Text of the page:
Leslie Camick v. Christopher Smith, et al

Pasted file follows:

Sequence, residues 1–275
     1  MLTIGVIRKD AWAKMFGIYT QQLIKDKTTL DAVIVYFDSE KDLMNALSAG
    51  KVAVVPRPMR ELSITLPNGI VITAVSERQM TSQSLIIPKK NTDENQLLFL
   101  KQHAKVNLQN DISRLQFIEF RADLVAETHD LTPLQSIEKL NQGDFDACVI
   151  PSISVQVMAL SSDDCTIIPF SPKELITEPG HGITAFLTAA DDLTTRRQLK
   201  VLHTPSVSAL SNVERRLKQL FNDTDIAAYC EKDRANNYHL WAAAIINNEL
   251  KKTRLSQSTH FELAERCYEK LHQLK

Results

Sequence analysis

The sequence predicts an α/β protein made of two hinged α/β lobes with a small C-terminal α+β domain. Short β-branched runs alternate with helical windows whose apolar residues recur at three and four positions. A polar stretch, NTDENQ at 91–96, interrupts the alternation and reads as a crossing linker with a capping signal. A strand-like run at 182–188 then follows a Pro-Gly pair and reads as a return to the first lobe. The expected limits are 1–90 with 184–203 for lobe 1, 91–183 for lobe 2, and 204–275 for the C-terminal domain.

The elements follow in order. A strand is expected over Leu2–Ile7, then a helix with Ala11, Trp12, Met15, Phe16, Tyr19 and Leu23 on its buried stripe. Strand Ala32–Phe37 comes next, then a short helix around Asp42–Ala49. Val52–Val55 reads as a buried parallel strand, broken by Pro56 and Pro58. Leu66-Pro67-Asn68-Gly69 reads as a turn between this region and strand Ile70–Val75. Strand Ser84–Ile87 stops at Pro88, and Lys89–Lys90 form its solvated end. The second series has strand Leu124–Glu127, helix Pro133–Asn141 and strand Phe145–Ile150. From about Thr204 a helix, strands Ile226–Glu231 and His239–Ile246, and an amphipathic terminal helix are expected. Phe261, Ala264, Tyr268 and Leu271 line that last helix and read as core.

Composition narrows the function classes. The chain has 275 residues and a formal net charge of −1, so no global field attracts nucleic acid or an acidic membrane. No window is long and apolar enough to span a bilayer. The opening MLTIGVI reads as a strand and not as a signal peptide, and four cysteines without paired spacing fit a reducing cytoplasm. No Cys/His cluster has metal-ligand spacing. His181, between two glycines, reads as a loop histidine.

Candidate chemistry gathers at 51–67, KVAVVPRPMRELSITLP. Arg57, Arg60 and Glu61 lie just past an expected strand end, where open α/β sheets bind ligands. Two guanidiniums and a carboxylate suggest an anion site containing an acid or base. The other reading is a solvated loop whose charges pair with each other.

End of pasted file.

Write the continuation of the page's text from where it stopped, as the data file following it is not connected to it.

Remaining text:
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Case: 17-2547 Document: 003112740327 Page: 1 Date Filed: 09/29/2017 NOT PRECEDENTIAL UNITED STATES COURT OF APPEALS FOR THE THIRD CIRCUIT ___________ No. 17-2547 ___________ LESLIE LYLE CAMICK, a/k/a Wayne Camick v. CHRISTOPHER E. SMITH, DISTRICT ATTORNEY FOR COWLEY COUNTY KANSAS, IN HIS INDIVIDUAL CAPACITY; LINDA LOOMIS, ASSISTANT DISTRICT ATTORNEY FOR COWLEY COUNTY KANSAS, IN HER INDIVIDUAL CAPACITY; NICOLE HILLS, OFFICER FOR THE CITY OF WINFIELD POLICE DEPARTMENT IN HER INDIVIDUAL CAPACITY; THE MUNICIPALITY OF COWLEY COUNTY KANSAS; BOARD OF COMMISSIONERS FOR COWLEY COUNTY KANSAS; CITY OF WINFIELD KANSAS, a/k/a THE CITY OF WINFIELD POLICE DEPARTMENT LESLIE LYLE CAMICK, Appellant ____________________________________ On Appeal from the United States District Court for the District of New Jersey (D.C. Civil Action No. 1:16-cv-08844) District Judge: Honorable Robert B. Kugler ____________________________________ Submitted Pursuant to Third Circuit LAR 34.1(a) September 25, 2017 Before: RESTREPO, SCIRICA and FISHER, Circuit Judges (Opinion filed: September 29, 2017) Case: 17-2547 Document: 003112740327 Page: 2 Date Filed: 09/29/2017 ___________ OPINION* ___________ PER CURIAM Leslie Lyle Camick appeals from the District Court’s order dismissing his civil action. We will affirm. I. In November 2016, Camick filed a civil rights complaint under 42 U.S.C. § 1983 in the U.S. District Court for the District of New Jersey, alleging that the Defendants committed various constitutional violations against him between 2011 and 2013. The claims arose out of incidents in New Jersey, New Mexico, and Kansas. Aware of the two-year statute of limitations for filing his complaint, Camick addressed the issue in his suit. He claimed that he was entitled to equitable tolling because an order from the U.S. District Court for District of Kansas, where Camick was the subject of a federal criminal case, prevented him from bringing his civil suit earlier. The New Jersey District Court rejected this argument. The New Jersey District Court determined that the Kansas order that Camick relied on did not bar him from filing his suit, and the New Jersey District Court dismissed the case under the screening provisions of 28 U.S.C. § 1915(e)(2)(B). * This disposition is not an opinion of the full Court and pursuant to I.O.P. 5.7 does not constitute binding precedent. 2 Case: 17-2547 Document: 003112740327 Page: 3 Date Filed: 09/29/2017 Camick appeals. In his brief before this Court, he continues to press his equitable tolling argument based on his interpretation of the Kansas order. II. We have jurisdiction pursuant to 28 U.S.C. § 1291, and we exercise plenary review over dismissals under § 1915(e)(2)(B)(ii). See Allah v. Seiverling, 229 F.3d 220, 223 (3d Cir. 2000). III. We conclude that the District Court correctly dismissed Camick’s action as barred by the applicable two-year statute of limitations. A complaint pursuant to § 1983 is “characterized as a personal-injury claim and thus is governed by the applicable state’s statute of limitations for personal-injury claims.” Dique v. N.J. State Police, 603 F.3d 181, 185 (3d Cir. 2010) (citing Cito v. Bridgewater Twp. Police Dep’t, 892 F.2d 23, 25 (3d Cir. 1989)). In New Jersey, § 1983 claims are subject to New Jersey’s two-year statute of limitations on personal injury actions. See Dique, 603 F.3d at 185; see also N.J. Stat. Ann. § 2A:14-2. While state law governs the applicable statute of limitations, federal law controls when a § 1983 claim accrues. Wallace v. Kato, 549 U.S. 384, 388 (2007). Accrual occurs, and the statute of limitations begins to run, as soon as a plaintiff has a complete cause of action. See id. Here, the incidents related to Camick’s § 1983 claims took place between 2011 and 2013. He did not file his complaint until November 2016, well after the two-year deadline. 3 Case: 17-2547 Document: 003112740327 Page: 4 Date Filed: 09/29/2017 Equitable tolling is appropriate where: (1) a defendant actively misleads a plaintiff with respect to his cause of action; (2) the plaintiff has been prevented from asserting his claims as a result of other extraordinary circumstances; or (3) the plaintiff asserts his claims in a timely manner but has done so in the wrong forum. See Lake v. Arnold, 232 F.3d 360, 370 n.9 (3d Cir. 2000). In his complaint, Camick claimed that he was entitled to equitable tolling because he has been prevented from his asserting his rights by the Kansas District Court order. The New Jersey District Court, however, concluded that equitable tolling was inappropriate because the Kansas order did not enjoin Camick from filing pleadings in federal court. We have reviewed the Kansas order in question, and we agree. While that order cautioned Camick against engaging in retaliatory litigation, the order, in fact, denied a request to enjoin Camick from litigating in federal court. Because Camick could not amend his complaint to bring it within the applicable statute of limitations, the District Court did not err in dismissing the complaint with prejudice. See Grayson v. Mayview State Hosp., 293 F.3d 103, 114 (3d Cir. 2002). IV. For the reasons above, we will affirm the judgment of the District Court. 4

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